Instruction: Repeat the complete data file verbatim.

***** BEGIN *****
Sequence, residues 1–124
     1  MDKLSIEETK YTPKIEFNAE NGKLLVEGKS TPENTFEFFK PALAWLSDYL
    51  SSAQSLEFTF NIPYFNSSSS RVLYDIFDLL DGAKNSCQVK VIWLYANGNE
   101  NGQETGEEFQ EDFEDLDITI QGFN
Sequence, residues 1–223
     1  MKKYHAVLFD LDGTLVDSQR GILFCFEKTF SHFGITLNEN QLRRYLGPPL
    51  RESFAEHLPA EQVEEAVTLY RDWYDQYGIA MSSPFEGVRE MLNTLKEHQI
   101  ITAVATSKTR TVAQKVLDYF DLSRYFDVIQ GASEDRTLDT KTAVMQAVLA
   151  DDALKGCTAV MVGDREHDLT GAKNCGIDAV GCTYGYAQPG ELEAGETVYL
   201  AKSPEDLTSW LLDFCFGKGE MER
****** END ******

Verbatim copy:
Sequence, residues 1–124
     1  MDKLSIEETK YTPKIEFNAE NGKLLVEGKS TPENTFEFFK PALAWLSDYL
    51  SSAQSLEFTF NIPYFNSSSS RVLYDIFDLL DGAKNSCQVK VIWLYANGNE
   101  NGQETGEEFQ EDFEDLDITI QGFN
Sequence, residues 1–223
     1  MKKYHAVLFD LDGTLVDSQR GILFCFEKTF SHFGITLNEN QLRRYLGPPL
    51  RESFAEHLPA EQVEEAVTLY RDWYDQYGIA MSSPFEGVRE MLNTLKEHQI
   101  ITAVATSKTR TVAQKVLDYF DLSRYFDVIQ GASEDRTLDT KTAVMQAVLA
   151  DDALKGCTAV MVGDREHDLT GAKNCGIDAV GCTYGYAQPG ELEAGETVYL
   201  AKSPEDLTSW LLDFCFGKGE MER